Welsh business activity growth slows amid softer demand conditions in December

Key Findings

  • Slowest growth in output and new orders in ten months
  • Rate of job creation eases to softest in seven months
  • Output charge inflation reaches series-record high

The headline NatWest Wales Business Activity Index – a seasonally adjusted index that measures the month-on-month change in the combined output of the region’s manufacturing and service sectors – registered 53.4 in December, down from 57.6 in November. Although solid, the expansion in business activity was the slowest in the current ten-month sequence of growth. Nonetheless, the rate of increase was broadly in line with the UK average, with firms linking the upturn to sustained client demand.

Private sector firms in Wales registered a solid expansion in new business during December, albeit at the slowest pace in the current ten-month sequence of growth. The rate of increase in new orders was broadly in line with the UK average, which also eased. Although some firms noted that the upturn was linked to sustained client demand, new business growth softened across the manufacturing and service sectors.

Business confidence regarding the outlook for output over the coming 12 months across Wales slipped from November’s series high to among the lowest levels since October 2020 in December. That said, Welsh firms remained broadly upbeat and linked positive sentiment to hopes of an end to COVID-19 restrictions as 2022 progresses and an uptick in client demand. Manufacturers were more optimistic regarding future output than their service sector counterparts.

Welsh private sector firms signalled only a modest expansion in workforce numbers during December, as the rate of job creation slowed for the fourth month running. The rise in employment was the softest since May, and slower than the UK average. Moreover, out of the 12 monitored UK areas, the upturn in Welsh staffing levels was quicker than only the North East. Where firms mentioned difficulties building workforce numbers, this was linked to labour shortages and retention issues.

December data signalled a steep upturn in backlogs of work at Welsh private sector firms. The rate of growth quickened slightly from November’s seven-month low, but was softer than those seen earlier in the year. Alongside material shortages, firms stated that greater work-in-hand stemmed from challenges hiring additional staff. The pace of expansion in outstanding business was the quickest of the 12 monitored UK areas.

Welsh private sector firms indicated a further marked rise in input prices at the end of 2021. The rate of cost inflation eased to a three-month low but was quicker than any other seen before this period. Welsh firms registered one of the fastest upticks in cost burdens of the 12 monitored UK areas, with only Northern Ireland and the East Midlands recording sharper rises. Higher costs were generally attributed to greater transportation charges, increased wage bills and material shortages.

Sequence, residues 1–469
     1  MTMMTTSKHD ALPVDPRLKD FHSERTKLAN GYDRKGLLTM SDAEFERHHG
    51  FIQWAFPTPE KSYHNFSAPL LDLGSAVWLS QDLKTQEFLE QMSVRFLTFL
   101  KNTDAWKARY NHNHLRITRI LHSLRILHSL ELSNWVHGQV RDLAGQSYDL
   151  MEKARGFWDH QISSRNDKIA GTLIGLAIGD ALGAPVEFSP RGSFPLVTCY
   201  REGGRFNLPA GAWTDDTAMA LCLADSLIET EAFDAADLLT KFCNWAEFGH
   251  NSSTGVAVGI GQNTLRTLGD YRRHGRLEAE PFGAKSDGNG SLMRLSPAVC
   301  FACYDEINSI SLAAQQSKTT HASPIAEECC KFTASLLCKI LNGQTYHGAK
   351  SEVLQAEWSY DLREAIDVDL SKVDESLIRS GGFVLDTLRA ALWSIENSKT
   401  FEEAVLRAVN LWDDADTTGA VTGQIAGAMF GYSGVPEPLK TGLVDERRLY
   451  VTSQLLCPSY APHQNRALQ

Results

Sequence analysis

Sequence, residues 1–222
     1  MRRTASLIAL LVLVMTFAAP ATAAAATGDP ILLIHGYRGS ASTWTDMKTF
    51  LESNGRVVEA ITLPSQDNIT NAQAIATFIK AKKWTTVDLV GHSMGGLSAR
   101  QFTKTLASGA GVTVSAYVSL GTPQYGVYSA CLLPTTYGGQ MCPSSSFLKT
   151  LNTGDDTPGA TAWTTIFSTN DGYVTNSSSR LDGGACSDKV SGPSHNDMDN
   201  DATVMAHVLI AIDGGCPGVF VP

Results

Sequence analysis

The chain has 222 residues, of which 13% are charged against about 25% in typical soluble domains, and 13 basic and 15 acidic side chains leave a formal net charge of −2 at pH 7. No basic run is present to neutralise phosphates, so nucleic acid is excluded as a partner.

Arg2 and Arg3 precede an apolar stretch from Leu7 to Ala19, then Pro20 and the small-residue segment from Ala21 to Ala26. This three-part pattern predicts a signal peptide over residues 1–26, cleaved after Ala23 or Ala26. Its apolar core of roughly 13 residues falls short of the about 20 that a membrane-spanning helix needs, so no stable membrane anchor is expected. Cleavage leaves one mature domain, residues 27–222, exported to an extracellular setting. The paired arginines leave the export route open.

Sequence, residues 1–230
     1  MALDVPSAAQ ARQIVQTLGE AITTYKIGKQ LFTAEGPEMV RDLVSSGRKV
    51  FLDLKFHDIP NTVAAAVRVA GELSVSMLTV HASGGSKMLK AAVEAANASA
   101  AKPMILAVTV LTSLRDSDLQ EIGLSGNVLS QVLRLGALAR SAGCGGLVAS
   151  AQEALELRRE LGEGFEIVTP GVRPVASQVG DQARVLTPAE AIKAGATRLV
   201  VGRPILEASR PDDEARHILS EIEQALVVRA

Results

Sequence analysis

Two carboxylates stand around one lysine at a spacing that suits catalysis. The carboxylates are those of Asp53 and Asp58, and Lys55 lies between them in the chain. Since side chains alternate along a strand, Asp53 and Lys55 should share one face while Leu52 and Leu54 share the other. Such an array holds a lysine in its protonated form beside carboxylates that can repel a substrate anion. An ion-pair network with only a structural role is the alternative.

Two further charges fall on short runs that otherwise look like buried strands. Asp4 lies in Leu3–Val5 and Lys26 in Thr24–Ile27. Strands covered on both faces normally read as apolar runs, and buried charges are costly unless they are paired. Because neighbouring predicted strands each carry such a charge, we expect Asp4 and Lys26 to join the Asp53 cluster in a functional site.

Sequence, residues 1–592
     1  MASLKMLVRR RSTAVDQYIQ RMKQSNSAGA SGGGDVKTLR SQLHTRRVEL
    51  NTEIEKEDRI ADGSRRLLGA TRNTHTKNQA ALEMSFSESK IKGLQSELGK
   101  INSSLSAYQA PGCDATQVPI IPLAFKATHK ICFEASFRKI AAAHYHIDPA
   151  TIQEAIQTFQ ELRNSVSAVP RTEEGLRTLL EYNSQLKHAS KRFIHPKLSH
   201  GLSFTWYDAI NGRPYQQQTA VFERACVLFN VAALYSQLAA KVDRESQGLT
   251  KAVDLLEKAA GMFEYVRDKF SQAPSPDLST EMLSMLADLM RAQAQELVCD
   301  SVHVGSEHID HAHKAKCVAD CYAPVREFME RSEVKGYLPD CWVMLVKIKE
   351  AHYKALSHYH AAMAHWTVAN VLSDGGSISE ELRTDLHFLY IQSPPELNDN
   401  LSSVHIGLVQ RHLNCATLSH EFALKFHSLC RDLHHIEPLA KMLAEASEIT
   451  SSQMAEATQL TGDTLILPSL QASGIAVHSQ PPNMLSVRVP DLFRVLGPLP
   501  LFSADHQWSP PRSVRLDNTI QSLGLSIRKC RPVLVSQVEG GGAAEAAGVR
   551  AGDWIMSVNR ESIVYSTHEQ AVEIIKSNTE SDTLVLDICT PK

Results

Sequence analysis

December data signalled a marked rise in output charges across the Welsh private sector. The rate of charge inflation accelerated to reach the fastest since data collection began almost 21 years ago. Of the 12 monitored UK areas, Welsh firms recorded the second-sharpest increase in output prices, slower than only Northern Ireland. Companies largely stated that higher output charges reflected efforts to pass on greater costs to clients.

Kevin Morgan, NatWest Wales Regional Board, commented:

“Welsh firms signalled a slower, but still solid, expansion in output and new orders at the end of 2021. Firms continued to highlight burgeoning backlogs of work, as the rate of growth in outstanding business quickened. Greater work-in-hand stemmed, in part, from material shortages but challenges finding and retaining staff hampered efforts to expand employment and reduce pressure on capacity.

“Rising wage bills, higher material costs and greater transportation and logistics fees all contributed to a marked increase in input prices. Although the rate of cost inflation eased slightly, it remained substantial, with firms registering the fastest rise in output charges as they sought to pass-through higher costs to clients.

“The impact of newly introduced COVID-19 restrictions brought into action following the data collection period are likely to impact client demand over the coming months, however, especially in the more vulnerable service sector.”

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